Building up your concentration muscle

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in Office Management,Time Management

Staying focused on one task could be the biggest challenge in the ­digital era. It requires enormous self-control, which science tells us is almost beyond our ability.

“We’re free to indulge our every whim, no matter how trivial, and that’s exactly what we do,” says Tony Schwartz, CEO of The Energy Project and author of The Way We’re Working Isn’t Working.

There’s even a term for the fractured way we now focus—“continuous ­partial attention.” It’s the way we keep a top-level item in focus even as we scan the periphery for something more alluring, reassuring or less demanding.

Schwartz believes these six simple steps are the first steps to taking back control of our attention—and our lives.

1. Let your deepest values become a more powerful guide to your behaviors.

Ask yourself: What do you truly stand for? How do you want to be­have, no matter what? Keep those commitments in mind, both as a source of energy and a direction for your behaviors.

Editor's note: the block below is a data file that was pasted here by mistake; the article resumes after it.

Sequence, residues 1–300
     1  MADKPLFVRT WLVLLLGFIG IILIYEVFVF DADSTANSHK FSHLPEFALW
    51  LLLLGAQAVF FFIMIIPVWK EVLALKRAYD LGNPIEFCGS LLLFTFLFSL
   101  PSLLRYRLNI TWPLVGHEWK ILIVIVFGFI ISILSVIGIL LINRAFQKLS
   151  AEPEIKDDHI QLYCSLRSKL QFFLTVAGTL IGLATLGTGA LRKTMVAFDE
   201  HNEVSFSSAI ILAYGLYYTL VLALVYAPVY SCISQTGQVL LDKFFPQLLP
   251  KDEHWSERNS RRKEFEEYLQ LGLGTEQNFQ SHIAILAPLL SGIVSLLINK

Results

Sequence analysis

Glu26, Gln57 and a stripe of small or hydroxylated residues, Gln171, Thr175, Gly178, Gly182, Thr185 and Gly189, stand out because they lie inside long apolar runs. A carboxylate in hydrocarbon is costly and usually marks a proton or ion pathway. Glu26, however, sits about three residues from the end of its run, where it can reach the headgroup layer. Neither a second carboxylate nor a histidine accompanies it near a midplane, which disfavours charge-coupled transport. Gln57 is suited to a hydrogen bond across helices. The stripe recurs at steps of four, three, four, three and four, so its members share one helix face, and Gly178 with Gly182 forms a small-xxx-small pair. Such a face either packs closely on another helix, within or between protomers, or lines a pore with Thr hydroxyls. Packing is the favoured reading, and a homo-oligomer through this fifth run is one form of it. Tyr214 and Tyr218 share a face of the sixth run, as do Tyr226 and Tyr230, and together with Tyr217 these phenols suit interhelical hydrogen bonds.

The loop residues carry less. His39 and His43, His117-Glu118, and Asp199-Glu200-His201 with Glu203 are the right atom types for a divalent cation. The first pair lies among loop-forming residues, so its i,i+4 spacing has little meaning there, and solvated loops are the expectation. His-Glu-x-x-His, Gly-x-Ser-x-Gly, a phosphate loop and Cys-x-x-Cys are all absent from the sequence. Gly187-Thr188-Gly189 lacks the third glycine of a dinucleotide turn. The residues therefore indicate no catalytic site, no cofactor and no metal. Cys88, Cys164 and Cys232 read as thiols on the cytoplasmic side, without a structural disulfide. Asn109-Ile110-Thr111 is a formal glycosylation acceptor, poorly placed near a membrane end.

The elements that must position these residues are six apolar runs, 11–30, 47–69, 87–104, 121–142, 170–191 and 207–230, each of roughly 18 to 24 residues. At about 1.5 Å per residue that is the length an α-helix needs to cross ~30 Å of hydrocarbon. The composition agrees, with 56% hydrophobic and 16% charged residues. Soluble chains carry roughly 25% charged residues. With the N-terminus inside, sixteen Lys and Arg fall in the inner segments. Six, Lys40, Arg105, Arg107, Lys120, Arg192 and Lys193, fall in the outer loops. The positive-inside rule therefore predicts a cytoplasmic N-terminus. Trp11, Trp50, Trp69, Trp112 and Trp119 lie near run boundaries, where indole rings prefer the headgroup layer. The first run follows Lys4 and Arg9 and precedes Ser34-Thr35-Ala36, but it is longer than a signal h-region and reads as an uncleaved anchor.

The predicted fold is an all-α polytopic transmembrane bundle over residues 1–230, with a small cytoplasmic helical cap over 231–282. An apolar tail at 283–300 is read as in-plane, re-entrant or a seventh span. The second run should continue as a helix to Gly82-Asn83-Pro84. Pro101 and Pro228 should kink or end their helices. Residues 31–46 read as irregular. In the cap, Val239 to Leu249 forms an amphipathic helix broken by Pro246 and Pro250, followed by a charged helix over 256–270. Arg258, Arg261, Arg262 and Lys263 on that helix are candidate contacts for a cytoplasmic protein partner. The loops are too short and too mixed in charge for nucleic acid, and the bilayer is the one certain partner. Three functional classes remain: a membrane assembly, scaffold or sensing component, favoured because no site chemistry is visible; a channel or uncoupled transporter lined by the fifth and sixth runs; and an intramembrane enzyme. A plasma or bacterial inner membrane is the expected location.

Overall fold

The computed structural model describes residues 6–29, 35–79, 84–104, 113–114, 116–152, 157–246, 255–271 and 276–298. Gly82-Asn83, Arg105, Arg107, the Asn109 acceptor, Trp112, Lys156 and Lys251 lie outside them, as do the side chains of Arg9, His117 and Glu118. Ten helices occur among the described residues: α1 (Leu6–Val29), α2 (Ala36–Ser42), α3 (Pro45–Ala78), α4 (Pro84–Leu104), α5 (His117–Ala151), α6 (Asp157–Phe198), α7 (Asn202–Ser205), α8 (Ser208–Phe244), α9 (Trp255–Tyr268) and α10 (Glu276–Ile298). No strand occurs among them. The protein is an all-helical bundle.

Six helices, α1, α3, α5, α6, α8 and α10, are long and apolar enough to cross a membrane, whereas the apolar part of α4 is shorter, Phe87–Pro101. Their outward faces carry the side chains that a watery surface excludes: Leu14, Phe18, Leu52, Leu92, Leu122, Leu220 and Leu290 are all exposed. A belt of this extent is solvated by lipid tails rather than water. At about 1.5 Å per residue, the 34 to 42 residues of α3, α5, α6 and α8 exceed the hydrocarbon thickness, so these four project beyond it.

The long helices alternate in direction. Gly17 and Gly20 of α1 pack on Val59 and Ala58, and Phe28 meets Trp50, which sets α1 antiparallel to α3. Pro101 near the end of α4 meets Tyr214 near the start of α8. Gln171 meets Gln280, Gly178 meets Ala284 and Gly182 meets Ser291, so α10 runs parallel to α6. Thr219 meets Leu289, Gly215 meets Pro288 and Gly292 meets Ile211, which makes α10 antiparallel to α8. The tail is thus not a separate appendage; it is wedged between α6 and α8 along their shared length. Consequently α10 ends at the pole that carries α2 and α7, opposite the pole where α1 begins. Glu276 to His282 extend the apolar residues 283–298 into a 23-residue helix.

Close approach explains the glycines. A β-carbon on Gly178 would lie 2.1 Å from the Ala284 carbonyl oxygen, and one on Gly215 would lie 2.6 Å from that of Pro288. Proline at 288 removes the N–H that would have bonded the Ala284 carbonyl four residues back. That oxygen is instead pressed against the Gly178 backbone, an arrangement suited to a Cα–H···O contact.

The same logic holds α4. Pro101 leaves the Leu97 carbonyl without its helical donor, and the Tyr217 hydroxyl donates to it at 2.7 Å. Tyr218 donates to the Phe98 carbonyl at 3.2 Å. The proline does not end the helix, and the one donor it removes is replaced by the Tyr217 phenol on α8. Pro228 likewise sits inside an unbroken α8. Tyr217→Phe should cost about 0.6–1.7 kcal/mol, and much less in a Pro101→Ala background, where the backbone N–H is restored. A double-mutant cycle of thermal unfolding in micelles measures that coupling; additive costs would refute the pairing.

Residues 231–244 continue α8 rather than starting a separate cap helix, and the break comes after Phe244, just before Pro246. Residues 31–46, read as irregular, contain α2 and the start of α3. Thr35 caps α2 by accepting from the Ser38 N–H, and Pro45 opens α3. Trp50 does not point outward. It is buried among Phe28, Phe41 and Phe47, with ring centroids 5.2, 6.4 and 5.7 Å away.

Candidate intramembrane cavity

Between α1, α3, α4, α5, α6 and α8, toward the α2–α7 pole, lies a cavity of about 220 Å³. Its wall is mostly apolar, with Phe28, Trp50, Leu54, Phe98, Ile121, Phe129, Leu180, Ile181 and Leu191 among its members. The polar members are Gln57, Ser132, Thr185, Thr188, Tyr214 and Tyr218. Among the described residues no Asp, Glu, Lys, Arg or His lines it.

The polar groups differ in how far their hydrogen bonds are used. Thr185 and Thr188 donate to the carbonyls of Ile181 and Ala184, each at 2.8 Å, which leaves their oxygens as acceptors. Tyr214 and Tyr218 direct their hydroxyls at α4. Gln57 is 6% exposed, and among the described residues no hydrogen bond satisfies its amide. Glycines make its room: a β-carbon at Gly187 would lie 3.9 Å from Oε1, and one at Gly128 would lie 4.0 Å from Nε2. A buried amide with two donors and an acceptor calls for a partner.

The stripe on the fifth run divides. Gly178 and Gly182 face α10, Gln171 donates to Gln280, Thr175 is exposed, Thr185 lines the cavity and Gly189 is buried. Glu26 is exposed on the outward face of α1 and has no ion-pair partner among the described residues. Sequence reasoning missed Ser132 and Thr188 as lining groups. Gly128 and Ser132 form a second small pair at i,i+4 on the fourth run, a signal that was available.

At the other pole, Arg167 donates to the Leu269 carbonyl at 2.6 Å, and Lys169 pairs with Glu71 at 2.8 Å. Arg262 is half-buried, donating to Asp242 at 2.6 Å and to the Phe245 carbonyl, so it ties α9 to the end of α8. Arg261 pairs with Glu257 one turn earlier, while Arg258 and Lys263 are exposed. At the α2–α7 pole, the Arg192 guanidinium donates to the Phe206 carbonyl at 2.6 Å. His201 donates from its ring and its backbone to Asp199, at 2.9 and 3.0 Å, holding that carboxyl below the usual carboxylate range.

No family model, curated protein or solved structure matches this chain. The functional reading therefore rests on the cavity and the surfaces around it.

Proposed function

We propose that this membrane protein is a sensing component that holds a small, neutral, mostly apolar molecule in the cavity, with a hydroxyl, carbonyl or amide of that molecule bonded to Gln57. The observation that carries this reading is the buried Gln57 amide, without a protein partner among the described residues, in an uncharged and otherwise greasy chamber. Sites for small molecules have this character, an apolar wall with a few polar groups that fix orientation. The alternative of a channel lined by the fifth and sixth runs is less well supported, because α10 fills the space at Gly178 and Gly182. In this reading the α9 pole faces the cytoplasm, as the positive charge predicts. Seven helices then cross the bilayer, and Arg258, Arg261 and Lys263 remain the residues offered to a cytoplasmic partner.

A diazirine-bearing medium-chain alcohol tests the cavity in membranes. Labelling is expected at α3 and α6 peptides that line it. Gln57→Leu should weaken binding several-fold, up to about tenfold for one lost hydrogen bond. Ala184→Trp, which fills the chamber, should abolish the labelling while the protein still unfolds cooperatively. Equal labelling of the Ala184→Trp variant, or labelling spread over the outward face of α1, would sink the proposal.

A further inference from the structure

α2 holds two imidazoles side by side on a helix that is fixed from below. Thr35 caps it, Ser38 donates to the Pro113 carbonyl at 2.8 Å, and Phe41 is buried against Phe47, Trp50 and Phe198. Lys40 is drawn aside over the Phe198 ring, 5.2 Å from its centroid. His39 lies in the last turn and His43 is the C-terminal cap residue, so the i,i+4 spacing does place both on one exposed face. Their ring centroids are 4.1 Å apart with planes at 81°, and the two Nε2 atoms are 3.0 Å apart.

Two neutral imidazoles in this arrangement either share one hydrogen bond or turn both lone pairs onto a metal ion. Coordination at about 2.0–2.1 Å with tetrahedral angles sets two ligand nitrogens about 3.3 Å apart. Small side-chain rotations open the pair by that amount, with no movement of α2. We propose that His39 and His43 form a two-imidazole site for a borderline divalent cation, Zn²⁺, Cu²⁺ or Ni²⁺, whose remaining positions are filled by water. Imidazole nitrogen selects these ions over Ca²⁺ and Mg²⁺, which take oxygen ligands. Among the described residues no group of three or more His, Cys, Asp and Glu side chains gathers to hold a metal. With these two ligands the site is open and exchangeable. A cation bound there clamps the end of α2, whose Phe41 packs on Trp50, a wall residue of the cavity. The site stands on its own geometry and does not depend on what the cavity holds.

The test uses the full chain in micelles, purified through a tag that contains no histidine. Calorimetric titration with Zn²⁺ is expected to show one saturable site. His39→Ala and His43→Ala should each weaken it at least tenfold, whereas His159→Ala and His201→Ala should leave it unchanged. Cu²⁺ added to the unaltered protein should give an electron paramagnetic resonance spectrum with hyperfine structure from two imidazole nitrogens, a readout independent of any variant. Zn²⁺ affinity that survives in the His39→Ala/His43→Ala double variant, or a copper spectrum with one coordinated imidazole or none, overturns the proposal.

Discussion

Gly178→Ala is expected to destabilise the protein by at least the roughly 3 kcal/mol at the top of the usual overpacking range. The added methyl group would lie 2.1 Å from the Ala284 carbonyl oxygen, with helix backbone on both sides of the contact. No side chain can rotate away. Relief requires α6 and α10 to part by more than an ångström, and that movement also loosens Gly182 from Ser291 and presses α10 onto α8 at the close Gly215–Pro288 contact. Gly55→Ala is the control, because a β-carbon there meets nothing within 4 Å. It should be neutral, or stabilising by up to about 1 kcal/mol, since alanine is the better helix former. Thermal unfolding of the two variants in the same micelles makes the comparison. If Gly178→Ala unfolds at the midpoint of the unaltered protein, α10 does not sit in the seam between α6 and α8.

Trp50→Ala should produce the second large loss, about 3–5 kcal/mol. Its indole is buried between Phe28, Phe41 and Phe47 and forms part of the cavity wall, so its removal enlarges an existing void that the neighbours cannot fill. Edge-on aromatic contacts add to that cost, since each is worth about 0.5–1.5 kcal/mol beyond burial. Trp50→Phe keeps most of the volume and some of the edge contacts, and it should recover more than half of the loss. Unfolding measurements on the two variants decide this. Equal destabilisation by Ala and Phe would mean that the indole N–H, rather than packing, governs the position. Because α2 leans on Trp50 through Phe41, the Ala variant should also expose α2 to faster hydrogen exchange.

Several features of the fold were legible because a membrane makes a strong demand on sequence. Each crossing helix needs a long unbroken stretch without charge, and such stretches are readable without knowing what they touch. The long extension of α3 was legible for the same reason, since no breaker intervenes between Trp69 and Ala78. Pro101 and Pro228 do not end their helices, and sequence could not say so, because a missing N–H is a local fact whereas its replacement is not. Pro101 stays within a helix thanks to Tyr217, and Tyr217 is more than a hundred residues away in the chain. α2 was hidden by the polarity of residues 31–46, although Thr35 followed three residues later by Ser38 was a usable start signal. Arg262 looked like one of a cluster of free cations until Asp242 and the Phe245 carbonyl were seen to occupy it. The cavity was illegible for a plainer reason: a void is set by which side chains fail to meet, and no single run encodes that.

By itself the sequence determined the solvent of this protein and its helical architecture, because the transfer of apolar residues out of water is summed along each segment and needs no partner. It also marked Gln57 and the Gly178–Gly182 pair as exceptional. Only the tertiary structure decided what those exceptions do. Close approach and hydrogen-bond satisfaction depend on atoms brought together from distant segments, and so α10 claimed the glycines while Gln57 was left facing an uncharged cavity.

2. Slow down. The faster you’re moving, the more likely you’re reacting rather than reflecting.

Check in with yourself at intentional times during the day. Think of them as “wake-up calls.”

3. Ritualize behaviors. For example, do the most important thing in the morning, uninterrupted, for 60 to 90 minutes.

4. Create “precommitments” to minimize temptations—just as you might avoid stocking your pantry with unhealthful foods.

For example, commit to turning off your e-mail entirely for a particular time span each day. Consider working on a laptop without an Internet connection.

5. Tell others what you intend to do, and ask them to hold you accountable.

6. Start small and build your “concentration” muscle over time. “What’s your current limit for truly focused concentration?” asks Schwartz. “Build it up in increments. And don’t go past 90 minutes without a break.”

— Adapted from “Take Back Your Attention,” Tony Schwartz, Harvard Business Review blog.

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